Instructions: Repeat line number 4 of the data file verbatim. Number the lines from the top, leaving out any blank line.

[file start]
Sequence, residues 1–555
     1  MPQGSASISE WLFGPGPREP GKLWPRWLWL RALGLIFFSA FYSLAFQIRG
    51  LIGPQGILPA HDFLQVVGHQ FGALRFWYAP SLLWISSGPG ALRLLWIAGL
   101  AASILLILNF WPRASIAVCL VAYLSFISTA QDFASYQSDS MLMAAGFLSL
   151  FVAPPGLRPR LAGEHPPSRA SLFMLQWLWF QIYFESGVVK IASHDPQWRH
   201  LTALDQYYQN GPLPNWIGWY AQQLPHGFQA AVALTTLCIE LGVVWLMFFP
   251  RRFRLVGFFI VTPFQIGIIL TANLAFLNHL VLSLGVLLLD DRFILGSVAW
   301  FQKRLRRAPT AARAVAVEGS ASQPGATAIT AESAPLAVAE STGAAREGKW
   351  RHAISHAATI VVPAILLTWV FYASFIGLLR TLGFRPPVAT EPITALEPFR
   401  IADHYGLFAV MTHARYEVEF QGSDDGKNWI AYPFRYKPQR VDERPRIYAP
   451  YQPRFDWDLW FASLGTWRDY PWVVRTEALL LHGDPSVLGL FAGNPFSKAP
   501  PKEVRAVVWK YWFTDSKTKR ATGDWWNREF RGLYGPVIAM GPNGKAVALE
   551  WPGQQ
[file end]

   101  AASILLILNF WPRASIAVCL VAYLSFISTA QDFASYQSDS MLMAAGFLSL